In Time Andrew Niccol

In Time Andrew Niccol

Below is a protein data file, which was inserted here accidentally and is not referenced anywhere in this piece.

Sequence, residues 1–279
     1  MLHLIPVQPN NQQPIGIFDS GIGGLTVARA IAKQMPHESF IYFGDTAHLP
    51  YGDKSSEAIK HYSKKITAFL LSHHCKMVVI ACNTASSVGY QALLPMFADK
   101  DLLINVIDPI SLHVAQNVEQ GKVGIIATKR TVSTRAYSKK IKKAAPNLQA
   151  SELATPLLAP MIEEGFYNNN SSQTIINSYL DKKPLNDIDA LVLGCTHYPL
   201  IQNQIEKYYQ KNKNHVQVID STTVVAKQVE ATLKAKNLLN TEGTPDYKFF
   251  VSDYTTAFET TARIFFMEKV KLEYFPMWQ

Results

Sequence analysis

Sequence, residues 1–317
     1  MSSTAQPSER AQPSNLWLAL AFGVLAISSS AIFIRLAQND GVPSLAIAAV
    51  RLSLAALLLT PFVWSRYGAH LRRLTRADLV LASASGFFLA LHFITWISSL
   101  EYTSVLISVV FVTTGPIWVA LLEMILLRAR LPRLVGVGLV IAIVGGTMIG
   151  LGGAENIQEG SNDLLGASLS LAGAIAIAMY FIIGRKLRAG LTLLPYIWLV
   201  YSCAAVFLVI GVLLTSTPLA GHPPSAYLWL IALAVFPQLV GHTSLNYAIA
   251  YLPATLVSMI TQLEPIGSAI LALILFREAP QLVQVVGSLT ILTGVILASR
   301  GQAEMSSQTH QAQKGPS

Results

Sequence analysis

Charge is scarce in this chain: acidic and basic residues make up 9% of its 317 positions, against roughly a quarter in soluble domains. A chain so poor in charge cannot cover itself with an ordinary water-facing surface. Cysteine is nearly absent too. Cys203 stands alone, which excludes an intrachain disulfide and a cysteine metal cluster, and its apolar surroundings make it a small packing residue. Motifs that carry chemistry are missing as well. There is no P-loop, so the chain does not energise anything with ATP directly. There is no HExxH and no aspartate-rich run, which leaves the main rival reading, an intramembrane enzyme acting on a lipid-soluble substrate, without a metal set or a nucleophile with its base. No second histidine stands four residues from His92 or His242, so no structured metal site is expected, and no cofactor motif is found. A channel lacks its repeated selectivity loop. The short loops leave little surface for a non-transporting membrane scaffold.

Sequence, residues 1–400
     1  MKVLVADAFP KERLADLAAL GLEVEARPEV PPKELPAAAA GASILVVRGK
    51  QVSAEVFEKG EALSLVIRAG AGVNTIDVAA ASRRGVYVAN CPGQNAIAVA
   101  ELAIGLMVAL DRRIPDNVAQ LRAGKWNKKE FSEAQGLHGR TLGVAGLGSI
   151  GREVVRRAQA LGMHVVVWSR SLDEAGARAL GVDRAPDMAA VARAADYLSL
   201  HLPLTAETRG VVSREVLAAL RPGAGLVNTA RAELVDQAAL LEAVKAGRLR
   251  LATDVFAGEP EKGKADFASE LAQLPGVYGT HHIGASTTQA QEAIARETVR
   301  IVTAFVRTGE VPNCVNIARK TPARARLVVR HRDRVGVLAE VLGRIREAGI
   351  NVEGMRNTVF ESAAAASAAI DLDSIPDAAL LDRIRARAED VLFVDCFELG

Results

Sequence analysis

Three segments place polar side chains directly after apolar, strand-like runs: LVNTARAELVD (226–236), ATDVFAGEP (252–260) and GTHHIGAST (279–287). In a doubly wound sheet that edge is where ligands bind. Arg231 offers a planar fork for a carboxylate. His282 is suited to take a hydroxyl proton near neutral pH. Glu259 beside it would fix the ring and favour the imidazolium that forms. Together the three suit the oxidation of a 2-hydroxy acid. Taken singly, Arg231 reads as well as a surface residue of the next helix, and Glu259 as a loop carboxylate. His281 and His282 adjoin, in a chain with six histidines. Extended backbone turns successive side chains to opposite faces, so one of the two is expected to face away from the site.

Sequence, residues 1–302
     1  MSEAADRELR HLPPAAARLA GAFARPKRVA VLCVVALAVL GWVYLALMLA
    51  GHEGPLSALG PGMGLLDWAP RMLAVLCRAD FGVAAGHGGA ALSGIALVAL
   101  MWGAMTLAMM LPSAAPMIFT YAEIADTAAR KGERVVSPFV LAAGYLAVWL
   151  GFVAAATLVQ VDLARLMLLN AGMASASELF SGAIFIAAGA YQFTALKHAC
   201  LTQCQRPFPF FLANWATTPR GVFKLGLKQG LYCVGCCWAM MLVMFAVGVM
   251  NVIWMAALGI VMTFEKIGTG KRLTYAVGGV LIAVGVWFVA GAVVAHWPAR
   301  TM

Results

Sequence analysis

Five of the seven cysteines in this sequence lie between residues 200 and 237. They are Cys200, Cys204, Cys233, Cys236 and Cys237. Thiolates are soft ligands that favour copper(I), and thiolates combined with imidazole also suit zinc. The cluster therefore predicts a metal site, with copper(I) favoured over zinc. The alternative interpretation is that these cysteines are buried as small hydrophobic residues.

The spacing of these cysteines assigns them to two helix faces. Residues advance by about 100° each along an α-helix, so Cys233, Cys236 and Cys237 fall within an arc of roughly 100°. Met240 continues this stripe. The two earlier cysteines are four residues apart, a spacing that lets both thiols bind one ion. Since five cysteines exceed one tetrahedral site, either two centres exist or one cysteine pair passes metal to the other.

Justin Timberlake as a temporal Robin Hood. If Fox had marketed that angle of Andrew Niccol's unchecked capitalism allegory, the domestic haul may have matched the film's overseas take. Successful for being an engaging collection of socialist ideas framing a handful of propulsive car chases and likeable characters, rather than as a plausible narrative, In Time is more rewarding if one is forgiving of plot mechanics and focuses on the raw ideas at play. The sentiment that "time is money" is taken to the extreme in the future world Niccol has concocted. People are genetically engineered to stop aging at 25, but only have a year left after that unless they work to put more time on their clock. That clock is a glowing account on every person's arm, constantly ticking down to a heart attack at zero. Time is currency and the centralization of wealth is greater than ever, with flippantly jacked bus fares literally killing slum dwellers forced to live minute to minute. One such inhabitant of the ghetto, Will Salas (Justin Timberlake), gets caught up in a tiff between petty gangsters (led by the typically horrible Alex Pettyfer, actually giving a half decent performance as a smarmy prick unhindered by an American accent) and a man rich enough to be functionally immortal, who has grown disillusioned with the societal structure that affords him the privilege. Finding himself with a surplus of years and a vendetta against the upper class tyrants keeping the have and have-nots segregated, Salas sets out on a destabilization mission, contending with an ideologically inflexible Time Keeper (basically Feds who only give a damn about currency) and getting involved with the daughter of one of the wealthiest men on the planet along the way. Working with actors of such a specific age group, Niccol did a solid job casting not just charming leads playing near their age in Timberlake and Amanda Seyfried, but in selecting Cillian Murphy and Vincent Kartheiser (Mad Men) to portray elderly men of import rendered eternally young. The central metaphor is by no means subtle, but making such a damning comparison to contemporary power structures gives this science fiction caper some fire in its belly and a reason to have been put to page in the first place. With the weight and cost of immortality in question, there are some missed opportunities for some heavy philosophical dialogue, instead pushing the story towards the emergence of a new folk hero, which is plenty entertaining, but less cerebrally stimulating than it could have been coming from the writer/director of Gattaca. On the DVD release, there are no features expanding on the ideology of In Time, which would have been welcome, only a smattering of deleted and extended scenes, one of which that denied theatrical audiences a look at Seyfried's bottom, a couple of thankfully chopped awkward scenes and a few choice one liners from Murphy that would have added a little more zest to the final picture. (Fox)